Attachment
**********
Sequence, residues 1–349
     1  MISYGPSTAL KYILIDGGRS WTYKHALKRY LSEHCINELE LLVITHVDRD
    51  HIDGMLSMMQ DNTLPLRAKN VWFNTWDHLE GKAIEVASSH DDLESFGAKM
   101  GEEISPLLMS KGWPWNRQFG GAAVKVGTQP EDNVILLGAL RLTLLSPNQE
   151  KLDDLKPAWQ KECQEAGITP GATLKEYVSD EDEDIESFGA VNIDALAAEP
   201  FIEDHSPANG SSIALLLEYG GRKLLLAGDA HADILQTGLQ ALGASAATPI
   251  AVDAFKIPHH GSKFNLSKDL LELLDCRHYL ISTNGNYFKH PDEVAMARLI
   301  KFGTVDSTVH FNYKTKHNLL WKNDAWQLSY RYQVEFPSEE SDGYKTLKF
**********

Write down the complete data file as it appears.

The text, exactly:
Sequence, residues 1–349
     1  MISYGPSTAL KYILIDGGRS WTYKHALKRY LSEHCINELE LLVITHVDRD
    51  HIDGMLSMMQ DNTLPLRAKN VWFNTWDHLE GKAIEVASSH DDLESFGAKM
   101  GEEISPLLMS KGWPWNRQFG GAAVKVGTQP EDNVILLGAL RLTLLSPNQE
   151  KLDDLKPAWQ KECQEAGITP GATLKEYVSD EDEDIESFGA VNIDALAAEP
   201  FIEDHSPANG SSIALLLEYG GRKLLLAGDA HADILQTGLQ ALGASAATPI
   251  AVDAFKIPHH GSKFNLSKDL LELLDCRHYL ISTNGNYFKH PDEVAMARLI
   301  KFGTVDSTVH FNYKTKHNLL WKNDAWQLSY RYQVEFPSEE SDGYKTLKF